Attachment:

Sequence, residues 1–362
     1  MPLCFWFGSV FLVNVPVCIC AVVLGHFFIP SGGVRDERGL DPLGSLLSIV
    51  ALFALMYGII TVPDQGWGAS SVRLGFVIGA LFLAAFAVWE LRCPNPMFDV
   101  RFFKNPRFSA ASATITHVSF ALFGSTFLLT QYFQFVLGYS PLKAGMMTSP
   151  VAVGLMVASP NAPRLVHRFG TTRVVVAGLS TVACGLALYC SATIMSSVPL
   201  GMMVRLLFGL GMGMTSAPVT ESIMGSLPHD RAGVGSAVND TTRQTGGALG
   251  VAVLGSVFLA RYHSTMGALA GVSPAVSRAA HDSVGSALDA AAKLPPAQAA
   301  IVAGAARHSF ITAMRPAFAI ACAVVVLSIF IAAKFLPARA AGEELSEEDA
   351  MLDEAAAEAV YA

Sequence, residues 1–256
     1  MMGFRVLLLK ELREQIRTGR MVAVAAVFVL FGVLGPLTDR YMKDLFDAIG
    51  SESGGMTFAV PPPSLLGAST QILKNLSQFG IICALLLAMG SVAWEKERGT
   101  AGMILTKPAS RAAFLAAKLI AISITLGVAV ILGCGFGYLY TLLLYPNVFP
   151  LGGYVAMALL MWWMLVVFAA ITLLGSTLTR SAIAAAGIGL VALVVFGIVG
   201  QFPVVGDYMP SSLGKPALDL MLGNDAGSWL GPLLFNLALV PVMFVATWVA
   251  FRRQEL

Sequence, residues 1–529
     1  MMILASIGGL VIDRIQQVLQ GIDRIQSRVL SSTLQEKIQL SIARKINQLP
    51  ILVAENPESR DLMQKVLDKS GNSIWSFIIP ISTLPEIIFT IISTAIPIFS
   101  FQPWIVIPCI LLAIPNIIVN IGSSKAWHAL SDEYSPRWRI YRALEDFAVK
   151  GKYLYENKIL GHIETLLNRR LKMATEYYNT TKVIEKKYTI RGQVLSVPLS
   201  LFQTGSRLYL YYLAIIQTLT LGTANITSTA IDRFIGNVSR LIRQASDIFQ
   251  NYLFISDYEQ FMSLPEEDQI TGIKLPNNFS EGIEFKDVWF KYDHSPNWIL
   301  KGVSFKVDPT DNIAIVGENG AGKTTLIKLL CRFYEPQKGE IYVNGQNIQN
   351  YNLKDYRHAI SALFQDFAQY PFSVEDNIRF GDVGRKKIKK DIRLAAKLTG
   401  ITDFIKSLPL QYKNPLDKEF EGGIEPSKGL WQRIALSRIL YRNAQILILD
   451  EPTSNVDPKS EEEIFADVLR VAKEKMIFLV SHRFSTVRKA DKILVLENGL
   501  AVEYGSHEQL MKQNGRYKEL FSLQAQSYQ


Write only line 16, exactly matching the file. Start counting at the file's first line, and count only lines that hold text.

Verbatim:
   251  FRRQEL